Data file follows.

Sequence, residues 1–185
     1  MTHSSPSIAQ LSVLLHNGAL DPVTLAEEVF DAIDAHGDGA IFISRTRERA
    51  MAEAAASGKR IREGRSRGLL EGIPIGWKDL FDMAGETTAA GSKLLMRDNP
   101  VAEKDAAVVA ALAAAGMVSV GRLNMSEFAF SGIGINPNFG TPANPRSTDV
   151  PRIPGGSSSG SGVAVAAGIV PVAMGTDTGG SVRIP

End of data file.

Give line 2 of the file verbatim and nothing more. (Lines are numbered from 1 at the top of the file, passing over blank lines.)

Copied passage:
     1  MTHSSPSIAQ LSVLLHNGAL DPVTLAEEVF DAIDAHGDGA IFISRTRERA